Avariety of factors can affect the biodiversity of tropicalmammal communities,
but their relative importance and directionality remain uncertain. Previous
global investigations of mammal functional diversity have relied on range
maps instead of observational data to determine community composition. We
test the effects of species pools, habitat heterogeneity, primary productivity
and human disturbance on the functional diversity (dispersion and richness)
of mammal communities using the largest standardized tropical forest camera
This synthesis focuses on estimates of biodiversity change as projected for the 21st century by models or
extrapolations based on experiments and observed trends. The term biodiversity is used in a broad
sense as it is defined in the Convention on Biological Diversity to mean the abundance and distributions
of and interactions between genotypes, species, communities, ecosystems and biomes. This synthesis
pays particular attention to the interactions between biodiversity and ecosystem services and to
The research agreement signed on 19th December 2005 by the Institute of Research for Development (IRD), the University Paul Sabatier (Toulouse III) and Nantes University, the Pharmacochemical laboratories of Natural Substances and Pharmacophores Redox (UMR 1165) and the Centre of Maritime and Ocean Law (EA 1165, CDMO) led to the international research program Coral Reef Initiatives for the Pacific (CRISP).
This introduction provides an overview and commentary on the papers in a special issue of PARKS, which is devoted
to the impact and implications of COVID-19 on the world’s protected and conserved areas. It describes how 11 peerreviewed
papers and 14 essays have brought together the knowledge and findings of numerous experts from all parts
of the world, supported by several wide-ranging surveys. The resulting global synthesis of experience answers some
key questions: why did the pandemic occur? what has it meant for protected and conserved areas, and the people
With increasing globalization of markets, rising environmental awareness, and attention from international conventions and agreements, the vast majority of countries are looking into managing their forests more sustainably. The main limitation appears to be lack of funding for improving forest management. Traditional sources include the government, targeted investments from the private sector, international donor support, and contributions in kind from rural communities. But these are grossly inadequate, and additional finances are required.
Promote and encourage the use of standard wetland inventory methodologies following the Ramsar Framework for Wetland Inventory (Resolution VIII.6), to undertake, update and disseminate national (or, where appropriate, provincial) scientific inventories of wetlands.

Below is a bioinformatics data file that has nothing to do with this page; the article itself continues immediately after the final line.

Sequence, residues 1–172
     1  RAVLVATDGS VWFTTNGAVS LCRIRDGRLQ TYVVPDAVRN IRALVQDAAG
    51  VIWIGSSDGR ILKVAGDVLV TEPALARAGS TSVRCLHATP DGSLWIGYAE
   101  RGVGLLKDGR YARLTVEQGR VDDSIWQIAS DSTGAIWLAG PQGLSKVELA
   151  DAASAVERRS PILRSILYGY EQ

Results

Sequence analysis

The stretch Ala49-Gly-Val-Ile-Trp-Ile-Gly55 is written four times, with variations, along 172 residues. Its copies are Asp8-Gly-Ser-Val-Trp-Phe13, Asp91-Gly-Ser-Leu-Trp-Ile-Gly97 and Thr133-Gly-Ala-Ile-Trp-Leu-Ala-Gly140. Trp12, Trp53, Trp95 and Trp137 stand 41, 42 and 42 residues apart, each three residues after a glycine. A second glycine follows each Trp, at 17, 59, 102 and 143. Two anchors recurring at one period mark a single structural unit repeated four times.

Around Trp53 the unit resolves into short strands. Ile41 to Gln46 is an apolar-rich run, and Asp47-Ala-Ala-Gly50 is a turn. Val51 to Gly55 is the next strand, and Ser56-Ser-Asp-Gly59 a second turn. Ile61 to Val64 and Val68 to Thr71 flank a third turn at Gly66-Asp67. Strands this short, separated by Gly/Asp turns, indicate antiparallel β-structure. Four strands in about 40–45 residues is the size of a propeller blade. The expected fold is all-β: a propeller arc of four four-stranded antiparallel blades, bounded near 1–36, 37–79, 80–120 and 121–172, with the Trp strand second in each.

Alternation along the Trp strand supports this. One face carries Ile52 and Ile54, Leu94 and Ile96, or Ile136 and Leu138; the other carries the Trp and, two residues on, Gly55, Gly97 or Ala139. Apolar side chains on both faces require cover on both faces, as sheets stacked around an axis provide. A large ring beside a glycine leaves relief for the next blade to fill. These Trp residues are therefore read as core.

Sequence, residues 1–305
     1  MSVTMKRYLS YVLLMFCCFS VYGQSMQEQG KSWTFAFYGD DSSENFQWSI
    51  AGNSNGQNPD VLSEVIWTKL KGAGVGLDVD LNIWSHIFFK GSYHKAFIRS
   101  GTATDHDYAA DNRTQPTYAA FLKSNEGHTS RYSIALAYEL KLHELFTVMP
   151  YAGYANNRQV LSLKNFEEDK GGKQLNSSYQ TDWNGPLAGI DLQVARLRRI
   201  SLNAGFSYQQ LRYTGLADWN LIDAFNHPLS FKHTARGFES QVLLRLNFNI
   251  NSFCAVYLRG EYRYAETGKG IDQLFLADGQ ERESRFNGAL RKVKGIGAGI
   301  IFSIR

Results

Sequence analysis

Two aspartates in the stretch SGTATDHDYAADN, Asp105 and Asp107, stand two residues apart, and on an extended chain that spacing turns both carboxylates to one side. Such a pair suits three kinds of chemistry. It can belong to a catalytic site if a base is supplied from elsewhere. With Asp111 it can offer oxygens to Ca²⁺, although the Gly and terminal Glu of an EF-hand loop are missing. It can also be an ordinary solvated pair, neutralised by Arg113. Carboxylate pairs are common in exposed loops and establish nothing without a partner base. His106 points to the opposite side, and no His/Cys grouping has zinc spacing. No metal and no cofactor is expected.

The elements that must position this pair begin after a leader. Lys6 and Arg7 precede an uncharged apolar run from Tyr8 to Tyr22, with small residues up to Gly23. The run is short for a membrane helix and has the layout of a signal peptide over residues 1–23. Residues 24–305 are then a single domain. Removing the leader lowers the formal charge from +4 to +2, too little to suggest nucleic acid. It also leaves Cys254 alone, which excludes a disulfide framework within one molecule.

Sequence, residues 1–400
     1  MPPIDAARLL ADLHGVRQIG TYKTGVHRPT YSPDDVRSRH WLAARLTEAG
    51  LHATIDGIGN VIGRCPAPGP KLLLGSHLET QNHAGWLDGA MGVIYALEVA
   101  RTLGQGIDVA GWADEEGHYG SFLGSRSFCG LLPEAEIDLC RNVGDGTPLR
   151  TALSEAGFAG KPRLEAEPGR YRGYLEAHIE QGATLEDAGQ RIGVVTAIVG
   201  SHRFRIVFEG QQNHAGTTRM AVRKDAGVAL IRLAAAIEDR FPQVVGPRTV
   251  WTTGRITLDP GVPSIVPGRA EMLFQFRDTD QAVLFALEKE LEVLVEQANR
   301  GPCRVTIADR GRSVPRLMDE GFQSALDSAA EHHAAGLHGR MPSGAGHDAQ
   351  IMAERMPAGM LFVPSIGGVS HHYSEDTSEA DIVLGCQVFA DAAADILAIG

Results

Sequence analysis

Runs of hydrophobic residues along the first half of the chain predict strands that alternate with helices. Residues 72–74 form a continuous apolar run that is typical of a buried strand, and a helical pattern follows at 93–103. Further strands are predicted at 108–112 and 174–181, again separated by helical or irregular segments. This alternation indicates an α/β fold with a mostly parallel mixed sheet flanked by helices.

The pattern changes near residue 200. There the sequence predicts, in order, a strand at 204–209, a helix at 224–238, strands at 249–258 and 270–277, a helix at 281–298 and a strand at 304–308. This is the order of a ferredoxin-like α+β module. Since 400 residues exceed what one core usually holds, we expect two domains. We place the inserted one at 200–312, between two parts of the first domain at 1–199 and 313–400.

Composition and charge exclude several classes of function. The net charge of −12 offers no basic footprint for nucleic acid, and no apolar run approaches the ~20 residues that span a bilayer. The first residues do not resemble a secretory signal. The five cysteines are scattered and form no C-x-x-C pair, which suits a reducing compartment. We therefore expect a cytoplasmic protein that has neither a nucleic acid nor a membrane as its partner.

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Physical Description: 90 p.
This dataset holds all media resources for the State of Environment and Conservation in the Pacific Islands: 2020 Regional Report
Climate change adaptation is vital for Pacific SIDS. Long-term effects, including the increasing frequency and severity of extreme events such as high rainfall, droughts, tropical cyclones, and storm surges are affecting the people in this region. Coupled with non-climate drivers, such as inappropriate land use, overexploitation of resources, increasing urbanization and population increase, development in the region is increasingly undermined.
Work is based around country visits by the network coordinator to support PILN teams to identify and take strategic action to manage their priority invasive species. The network is functioning by sharing awareness of successful activities being earned out by the teams, providing the mechanism for other teams to do the same, and actively encouraging them to do so.
Capacity building is linked to on-going invasive species projects and achieved through workshops and exchanges.
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Small island states present a significant challenge in terms of sustainable tourism development. On a small island there are limited resources, economic and social activities tend to be concentrated on the coastal zone, and the interconnectivity between economic, environmental, social, cultural and political spheres is strong and pervasive. Consequently the sustainable development of tourism is more a practical necessity than an optional extra.